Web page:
Irena report highlights sharp falls in global cost of clean energy

15 Jul 2022
Irena report highlights sharp falls in global cost of clean energy

The latest report from the International Renewable Energy Agency (Irena) shows a sharp fall in cost of renewable energy technologies between 2010 and 2021, with the levelised cost of PV solar falling by 88 per cent over this period

 

A new report from the International Renewable Energy Agency (Irena) shows that between 2010 and 2021 the global weighted average levelized cost of electricity (LCOE) of newly commissioned utility‑scale solar PV projects declined by a remarkable 88 per cent. By the same measure, onshore wind projects fell by 68%, concentrated solar power (CSP) projects by 68 per cent, and offshore wind projects by 60 per cent.

Irena’s report ‘Renewable Power Generation Costs in 2021’, published this week, sees the momentum continuing through last year, when the LCOE of new utility-scale solar PV fell by 13 per cent year-on-year to $0.048/kWh, new onshore wind projects fell by 15 per cent year‑on‑year to $0.033/kWh, and offshore wind projects declined 13 per cent to $0.075/kWh.

The exception in 2021 was CSP in 2021, which by Irena’s measure saw LCOE rise 7 per cent year-on-year to $0.114/kWh. This was largely attributable to the fact that, according to Irena, just one such plant was commissioned last year.

These numbers reflect what Irena calls ‘seismic’ change in the market position of renewables. Its significance is seen in one key measure, that the lifetime costs per kWh of new solar and wind capacity added in Europe in 2021 will average at least four to six times less than the marginal generating costs of fossil fuels in 2022.   

Irena’s report shows the rising capability of renewable energy to add important economic gains to its clear environmental benefits. It greatly expands energy security and delivers economic benefits in terms of significant cost savings to countries that adopt renewable energy on large scale.

The report says that new renewable capacity added worldwide in 2021 could reduce electricity generation costs in 2022 by at least $55 billion. It estimates that in Europe, between January and May of this year, solar and wind generation led to avoided fossil fuel imports of at least $50 billion, predominantly natural gas.

Irena anticipates the cost advantages of renewables will continue, despite the current inflationary and supply chain pressures on them.  For example, prices of polysilicon for solar panels have surged to their highest level since 2011, according to recent reports.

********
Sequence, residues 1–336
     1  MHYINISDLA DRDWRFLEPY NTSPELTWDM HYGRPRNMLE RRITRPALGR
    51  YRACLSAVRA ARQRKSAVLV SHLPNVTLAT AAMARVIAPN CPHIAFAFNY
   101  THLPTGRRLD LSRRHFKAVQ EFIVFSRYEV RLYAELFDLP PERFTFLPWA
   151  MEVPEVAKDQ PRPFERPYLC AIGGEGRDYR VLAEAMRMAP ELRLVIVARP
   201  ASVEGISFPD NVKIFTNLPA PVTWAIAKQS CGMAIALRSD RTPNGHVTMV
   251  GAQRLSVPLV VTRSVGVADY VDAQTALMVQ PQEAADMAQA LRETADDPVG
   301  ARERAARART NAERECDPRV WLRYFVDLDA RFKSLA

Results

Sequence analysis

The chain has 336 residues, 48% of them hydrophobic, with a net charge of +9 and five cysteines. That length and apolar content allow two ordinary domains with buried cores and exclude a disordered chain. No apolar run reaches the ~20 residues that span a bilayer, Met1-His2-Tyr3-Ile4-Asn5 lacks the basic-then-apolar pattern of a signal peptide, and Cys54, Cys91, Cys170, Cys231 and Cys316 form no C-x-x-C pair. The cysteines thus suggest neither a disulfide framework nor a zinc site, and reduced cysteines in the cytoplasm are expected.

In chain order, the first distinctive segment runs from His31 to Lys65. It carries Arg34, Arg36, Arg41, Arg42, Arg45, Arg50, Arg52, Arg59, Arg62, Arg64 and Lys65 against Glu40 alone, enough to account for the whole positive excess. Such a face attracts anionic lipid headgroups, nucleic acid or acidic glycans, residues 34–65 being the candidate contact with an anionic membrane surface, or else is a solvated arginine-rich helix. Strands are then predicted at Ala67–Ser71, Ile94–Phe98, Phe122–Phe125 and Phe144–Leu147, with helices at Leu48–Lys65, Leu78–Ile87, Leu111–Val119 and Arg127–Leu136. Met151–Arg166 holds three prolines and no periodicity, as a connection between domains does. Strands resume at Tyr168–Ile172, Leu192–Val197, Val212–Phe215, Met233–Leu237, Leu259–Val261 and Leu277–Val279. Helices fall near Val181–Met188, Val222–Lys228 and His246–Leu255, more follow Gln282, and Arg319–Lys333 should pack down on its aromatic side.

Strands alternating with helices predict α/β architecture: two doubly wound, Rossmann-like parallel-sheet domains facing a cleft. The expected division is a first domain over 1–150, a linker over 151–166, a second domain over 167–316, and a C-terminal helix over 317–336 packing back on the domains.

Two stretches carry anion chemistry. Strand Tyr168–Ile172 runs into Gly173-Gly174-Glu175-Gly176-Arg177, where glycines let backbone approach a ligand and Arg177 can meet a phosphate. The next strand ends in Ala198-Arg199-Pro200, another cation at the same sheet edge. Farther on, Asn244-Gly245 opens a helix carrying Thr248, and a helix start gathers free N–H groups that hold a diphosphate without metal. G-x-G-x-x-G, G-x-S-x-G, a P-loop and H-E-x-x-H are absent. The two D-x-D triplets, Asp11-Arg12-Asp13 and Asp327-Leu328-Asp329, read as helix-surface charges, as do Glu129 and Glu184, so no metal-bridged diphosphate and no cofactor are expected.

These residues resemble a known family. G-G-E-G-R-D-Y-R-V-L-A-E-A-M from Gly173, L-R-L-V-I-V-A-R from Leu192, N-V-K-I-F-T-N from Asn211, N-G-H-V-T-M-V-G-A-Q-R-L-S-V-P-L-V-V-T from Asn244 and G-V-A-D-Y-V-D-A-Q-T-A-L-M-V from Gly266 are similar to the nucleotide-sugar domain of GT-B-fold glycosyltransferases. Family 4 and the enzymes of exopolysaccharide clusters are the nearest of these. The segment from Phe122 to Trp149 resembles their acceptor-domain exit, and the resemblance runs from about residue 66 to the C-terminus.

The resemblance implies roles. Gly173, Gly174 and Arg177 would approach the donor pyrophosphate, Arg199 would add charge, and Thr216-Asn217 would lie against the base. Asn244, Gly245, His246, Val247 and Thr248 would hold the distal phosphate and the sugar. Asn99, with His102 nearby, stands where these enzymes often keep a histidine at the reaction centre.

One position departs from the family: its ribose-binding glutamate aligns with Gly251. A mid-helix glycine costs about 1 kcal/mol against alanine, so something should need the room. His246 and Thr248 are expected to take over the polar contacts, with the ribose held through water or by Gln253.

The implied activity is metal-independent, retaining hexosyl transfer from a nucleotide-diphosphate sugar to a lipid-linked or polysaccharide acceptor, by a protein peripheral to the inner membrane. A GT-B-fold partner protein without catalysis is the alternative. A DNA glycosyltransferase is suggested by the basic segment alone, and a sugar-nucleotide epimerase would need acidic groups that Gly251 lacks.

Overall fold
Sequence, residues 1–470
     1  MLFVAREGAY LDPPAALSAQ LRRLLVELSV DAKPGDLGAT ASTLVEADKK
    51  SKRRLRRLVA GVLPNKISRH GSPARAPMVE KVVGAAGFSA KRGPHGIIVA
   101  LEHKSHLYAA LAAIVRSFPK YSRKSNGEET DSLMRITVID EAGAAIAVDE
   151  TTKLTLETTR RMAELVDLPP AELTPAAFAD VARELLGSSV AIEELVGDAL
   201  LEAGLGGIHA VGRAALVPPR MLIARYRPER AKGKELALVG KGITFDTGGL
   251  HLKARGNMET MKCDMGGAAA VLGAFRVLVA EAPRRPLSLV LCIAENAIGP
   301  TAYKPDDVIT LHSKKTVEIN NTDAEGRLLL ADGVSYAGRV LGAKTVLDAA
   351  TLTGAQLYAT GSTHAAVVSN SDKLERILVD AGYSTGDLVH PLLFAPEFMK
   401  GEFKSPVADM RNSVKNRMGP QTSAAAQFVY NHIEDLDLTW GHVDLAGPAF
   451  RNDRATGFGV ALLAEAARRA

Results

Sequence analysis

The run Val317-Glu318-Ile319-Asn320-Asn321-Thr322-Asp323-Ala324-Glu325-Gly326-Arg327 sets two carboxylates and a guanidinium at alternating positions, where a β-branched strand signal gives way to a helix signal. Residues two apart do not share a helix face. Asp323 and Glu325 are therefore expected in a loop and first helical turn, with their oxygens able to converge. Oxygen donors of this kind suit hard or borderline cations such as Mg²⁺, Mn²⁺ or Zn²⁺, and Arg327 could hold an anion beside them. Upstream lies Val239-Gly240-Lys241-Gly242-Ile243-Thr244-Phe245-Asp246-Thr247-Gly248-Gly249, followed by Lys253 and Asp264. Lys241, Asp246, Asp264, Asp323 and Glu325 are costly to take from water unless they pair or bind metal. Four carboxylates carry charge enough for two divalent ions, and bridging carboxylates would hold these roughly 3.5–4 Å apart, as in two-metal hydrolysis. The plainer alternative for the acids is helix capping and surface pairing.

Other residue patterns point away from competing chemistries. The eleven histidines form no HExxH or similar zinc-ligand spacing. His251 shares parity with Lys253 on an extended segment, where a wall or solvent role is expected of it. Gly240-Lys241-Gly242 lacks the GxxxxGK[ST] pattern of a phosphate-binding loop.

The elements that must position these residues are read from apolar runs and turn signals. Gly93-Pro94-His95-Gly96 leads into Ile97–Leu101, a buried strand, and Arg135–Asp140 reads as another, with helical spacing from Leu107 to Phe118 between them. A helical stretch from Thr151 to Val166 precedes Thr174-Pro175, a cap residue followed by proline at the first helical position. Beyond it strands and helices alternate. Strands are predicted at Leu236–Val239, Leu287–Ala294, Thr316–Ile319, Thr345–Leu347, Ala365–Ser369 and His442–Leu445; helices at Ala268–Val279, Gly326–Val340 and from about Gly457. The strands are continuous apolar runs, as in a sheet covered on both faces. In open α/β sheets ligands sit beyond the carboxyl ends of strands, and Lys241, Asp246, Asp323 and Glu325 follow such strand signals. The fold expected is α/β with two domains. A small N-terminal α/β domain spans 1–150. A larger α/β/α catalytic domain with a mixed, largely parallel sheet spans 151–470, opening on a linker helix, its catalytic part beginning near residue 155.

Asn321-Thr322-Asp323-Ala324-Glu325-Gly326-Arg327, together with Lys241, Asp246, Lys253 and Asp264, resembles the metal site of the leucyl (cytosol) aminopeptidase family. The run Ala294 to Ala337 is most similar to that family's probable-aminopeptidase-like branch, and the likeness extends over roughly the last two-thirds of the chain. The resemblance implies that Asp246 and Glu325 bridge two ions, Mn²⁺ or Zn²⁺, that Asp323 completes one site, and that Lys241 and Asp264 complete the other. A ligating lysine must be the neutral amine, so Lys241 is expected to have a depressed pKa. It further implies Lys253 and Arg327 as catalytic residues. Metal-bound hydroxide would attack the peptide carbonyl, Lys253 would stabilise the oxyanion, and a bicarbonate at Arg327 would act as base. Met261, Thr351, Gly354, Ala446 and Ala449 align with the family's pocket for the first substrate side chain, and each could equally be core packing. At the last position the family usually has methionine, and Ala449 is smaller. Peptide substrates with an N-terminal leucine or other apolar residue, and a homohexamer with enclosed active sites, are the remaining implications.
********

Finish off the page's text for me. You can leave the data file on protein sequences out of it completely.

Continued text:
The agency acknowledges that price pressure on materials costs will likely be more pronounced this year than last. It estimates that solar PV module prices might average a fifth more than they did in 2020. But the actual impact of inflation on LCOE for solar PV and onshore wind is likely to be modest, Irena says, with costs rising this year approximately 2-4 per cent for utility-scale solar PV and 4-9 per cent for onshore wind.

Overall, Irena remains sanguine about renewables’ market advantages, vis-à-vis fossil fuels, asserting that higher costs will be outweighed many times over by the economic benefit of new renewable capacity. This is especially the case considering that high fossil fuel prices already experienced in 2022 are likely to continue.

The agency’s data is derived from 21,000 renewable power generation projects in its Renewable Cost Database, although none of the cost data comes from MENA or African countries.  

In terms of actual renewable electricity generation by region, Africa and the Middle East remain close the bottom in comparison of world regions, according to recent Irena data.

In April, Energy & Utilities reported on Irena’s ‘Renewable Capacity Statistics 2022’ report, which shows that a total of 257GW of new renewables capacity was installed in 2021, which accounted for a record 81 per cent of all the new installed capacity in the power sector.

The same report showed that renewable energy share of electricity capacity in the world has reached 38.3 per cent, while in Africa (including North Africa) it is now 23.1 per cent, and in the Middle East (including Iran) it is 7.4 per cent. Hydropower continues as the dominant form of renewable energy in these regions, constituting approximately 65 per cent of renewable capacity in each of them.

Yet the Middle East and Africa have rode the global trend in making impressive gains in renewables, with exponential increases in solar energy capacity in the past ten years. Total installed capacity in solar power as of the end of last year was 11.4GW in Africa and 8.4GW in the Middle East, according to Irena.

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